A general framework for graph sparsification

Fung, Wai Shing ; Hariharan, Ramesh ; Harvey, Nicholas J. A. ; Panigrahi, Debmalya (2011) A general framework for graph sparsification In: STOC '11 Proceedings of the Forty-Third Annual ACM Symposium on Theory of Computing, June 06 - 08, 2011, San Jose, California, USA.

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Official URL: http://dl.acm.org/citation.cfm?id=1993647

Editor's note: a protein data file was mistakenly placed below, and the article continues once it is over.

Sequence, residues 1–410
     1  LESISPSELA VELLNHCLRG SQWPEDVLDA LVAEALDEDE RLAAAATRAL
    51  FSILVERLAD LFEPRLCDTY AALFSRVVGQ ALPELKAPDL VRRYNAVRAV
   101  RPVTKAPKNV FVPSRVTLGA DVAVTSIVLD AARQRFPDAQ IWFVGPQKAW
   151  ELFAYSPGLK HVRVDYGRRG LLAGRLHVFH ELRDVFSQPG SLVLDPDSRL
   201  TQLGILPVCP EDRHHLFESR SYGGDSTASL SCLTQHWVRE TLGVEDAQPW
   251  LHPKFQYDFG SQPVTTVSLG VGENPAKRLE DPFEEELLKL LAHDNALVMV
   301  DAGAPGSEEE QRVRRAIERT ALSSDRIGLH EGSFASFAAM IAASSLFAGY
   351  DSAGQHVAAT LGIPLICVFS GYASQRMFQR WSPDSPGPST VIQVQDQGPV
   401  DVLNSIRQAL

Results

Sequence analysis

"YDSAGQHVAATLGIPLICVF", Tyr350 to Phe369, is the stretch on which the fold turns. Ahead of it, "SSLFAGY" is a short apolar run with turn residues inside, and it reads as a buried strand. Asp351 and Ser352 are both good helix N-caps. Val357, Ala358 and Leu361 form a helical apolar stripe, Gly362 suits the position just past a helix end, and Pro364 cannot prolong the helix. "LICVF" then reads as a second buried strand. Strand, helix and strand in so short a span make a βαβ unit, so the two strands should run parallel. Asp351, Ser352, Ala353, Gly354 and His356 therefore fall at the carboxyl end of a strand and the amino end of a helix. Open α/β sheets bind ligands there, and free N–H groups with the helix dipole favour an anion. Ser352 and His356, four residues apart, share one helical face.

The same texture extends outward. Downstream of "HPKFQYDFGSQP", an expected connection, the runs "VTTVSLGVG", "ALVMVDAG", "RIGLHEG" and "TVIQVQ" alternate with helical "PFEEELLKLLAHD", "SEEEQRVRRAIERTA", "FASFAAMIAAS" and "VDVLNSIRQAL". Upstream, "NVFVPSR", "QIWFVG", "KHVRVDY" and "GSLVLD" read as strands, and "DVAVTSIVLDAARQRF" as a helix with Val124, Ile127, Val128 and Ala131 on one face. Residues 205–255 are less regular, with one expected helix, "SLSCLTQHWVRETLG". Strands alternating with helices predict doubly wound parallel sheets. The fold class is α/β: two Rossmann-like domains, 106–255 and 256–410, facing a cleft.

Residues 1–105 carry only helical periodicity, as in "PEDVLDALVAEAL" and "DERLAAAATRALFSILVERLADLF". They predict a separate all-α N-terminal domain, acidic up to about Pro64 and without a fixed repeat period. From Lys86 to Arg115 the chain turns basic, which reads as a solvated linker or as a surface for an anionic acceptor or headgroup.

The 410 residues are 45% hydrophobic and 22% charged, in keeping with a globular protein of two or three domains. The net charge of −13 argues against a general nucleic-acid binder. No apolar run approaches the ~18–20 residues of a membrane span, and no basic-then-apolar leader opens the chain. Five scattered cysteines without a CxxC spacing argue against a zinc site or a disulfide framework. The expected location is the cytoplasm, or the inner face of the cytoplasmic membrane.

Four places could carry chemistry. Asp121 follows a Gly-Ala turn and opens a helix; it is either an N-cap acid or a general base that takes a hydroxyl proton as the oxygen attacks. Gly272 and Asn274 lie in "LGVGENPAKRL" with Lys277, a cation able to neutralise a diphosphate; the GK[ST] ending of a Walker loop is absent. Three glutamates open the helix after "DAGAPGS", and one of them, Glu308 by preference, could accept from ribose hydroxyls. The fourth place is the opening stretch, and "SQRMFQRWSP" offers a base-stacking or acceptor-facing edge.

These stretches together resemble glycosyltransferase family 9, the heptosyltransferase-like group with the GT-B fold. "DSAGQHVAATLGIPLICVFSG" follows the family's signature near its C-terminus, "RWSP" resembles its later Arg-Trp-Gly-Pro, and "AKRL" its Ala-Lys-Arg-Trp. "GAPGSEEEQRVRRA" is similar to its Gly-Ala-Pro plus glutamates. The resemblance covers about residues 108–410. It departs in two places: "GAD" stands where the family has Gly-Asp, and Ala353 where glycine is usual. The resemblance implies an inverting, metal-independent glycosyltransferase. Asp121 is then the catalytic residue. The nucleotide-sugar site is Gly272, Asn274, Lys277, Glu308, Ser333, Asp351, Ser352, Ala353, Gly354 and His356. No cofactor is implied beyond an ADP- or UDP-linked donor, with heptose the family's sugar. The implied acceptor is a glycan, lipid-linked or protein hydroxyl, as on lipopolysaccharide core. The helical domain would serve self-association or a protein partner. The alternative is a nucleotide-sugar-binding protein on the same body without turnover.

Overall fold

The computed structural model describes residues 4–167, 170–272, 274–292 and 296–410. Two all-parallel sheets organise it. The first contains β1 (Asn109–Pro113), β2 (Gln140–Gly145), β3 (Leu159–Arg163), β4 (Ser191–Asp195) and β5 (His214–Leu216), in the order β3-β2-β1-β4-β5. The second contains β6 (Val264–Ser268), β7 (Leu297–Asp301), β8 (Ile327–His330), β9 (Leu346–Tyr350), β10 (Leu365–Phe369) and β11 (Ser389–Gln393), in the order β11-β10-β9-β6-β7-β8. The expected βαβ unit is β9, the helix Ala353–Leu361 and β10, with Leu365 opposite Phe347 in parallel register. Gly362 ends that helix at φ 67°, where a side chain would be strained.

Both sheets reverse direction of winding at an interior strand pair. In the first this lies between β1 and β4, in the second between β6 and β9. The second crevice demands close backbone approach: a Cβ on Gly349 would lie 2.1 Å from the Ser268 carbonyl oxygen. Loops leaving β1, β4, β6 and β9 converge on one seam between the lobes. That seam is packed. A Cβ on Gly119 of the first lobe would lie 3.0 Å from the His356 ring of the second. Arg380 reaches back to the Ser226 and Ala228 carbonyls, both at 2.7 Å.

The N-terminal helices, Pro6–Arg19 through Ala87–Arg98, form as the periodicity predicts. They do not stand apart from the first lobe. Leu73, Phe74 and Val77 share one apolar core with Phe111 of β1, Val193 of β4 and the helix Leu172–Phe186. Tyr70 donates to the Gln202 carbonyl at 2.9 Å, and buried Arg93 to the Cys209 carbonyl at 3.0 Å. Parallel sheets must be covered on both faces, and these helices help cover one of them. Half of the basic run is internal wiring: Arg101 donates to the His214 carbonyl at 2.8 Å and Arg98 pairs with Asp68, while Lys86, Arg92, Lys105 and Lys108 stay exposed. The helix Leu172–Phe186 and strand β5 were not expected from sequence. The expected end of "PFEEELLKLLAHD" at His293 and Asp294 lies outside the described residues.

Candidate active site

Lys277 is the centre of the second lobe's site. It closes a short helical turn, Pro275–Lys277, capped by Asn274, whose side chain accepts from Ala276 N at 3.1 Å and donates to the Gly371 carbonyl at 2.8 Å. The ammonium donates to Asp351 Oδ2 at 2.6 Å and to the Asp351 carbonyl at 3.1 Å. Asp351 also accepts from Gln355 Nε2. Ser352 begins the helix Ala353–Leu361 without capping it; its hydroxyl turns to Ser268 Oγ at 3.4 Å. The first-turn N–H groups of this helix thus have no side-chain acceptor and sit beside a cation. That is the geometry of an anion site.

We present a general framework for constructing cut sparsifiers in undirected graphs --- weighted subgraphs for which every cut has the same weight as the original graph, up to a multiplicative factor of (1 ε). Using this framework, we simplify, unify and improve upon previous sparsification results. As simple instantiations of this framework, we show that sparsifiers can be constructed by sampling edges according to their strength (a result of Benczur and Karger), effective resistance (a result of Spielman and Srivastava), edge connectivity, or by sampling random spanning trees. Sampling according to edge connectivity is the most aggressive method, and the most challenging to analyze. Our proof that this method produces sparsifiers resolves an open question of Benczur and Karger. While the above results are interesting from a combinatorial standpoint, we also prove new algorithmic results. In particular, we develop techniques that give the first (optimal) O(m)-time sparsification algorithm for unweighted graphs. Our algorithm has a running time of O(m) + ~O(n/ε2) for weighted graphs, which is also linear unless the input graph is very sparse itself. In both cases, this improves upon the previous best running times (due to Benczur and Karger) of O(m log2 n) (for the unweighted case) and O(m log3 n) (for the weighted case) respectively. Our algorithm constructs sparsifiers that contain O(n log n/ε2) edges in expectation; the only known construction of sparsifiers with fewer edges is by a substantially slower algorithm running in O(n3 m / ε2) time. A key ingredient of our proofs is a natural generalization of Karger's bound on the number of small cuts in an undirected graph. Given the numerous applications of Karger's bound, we suspect that our generalization will also be of independent interest.

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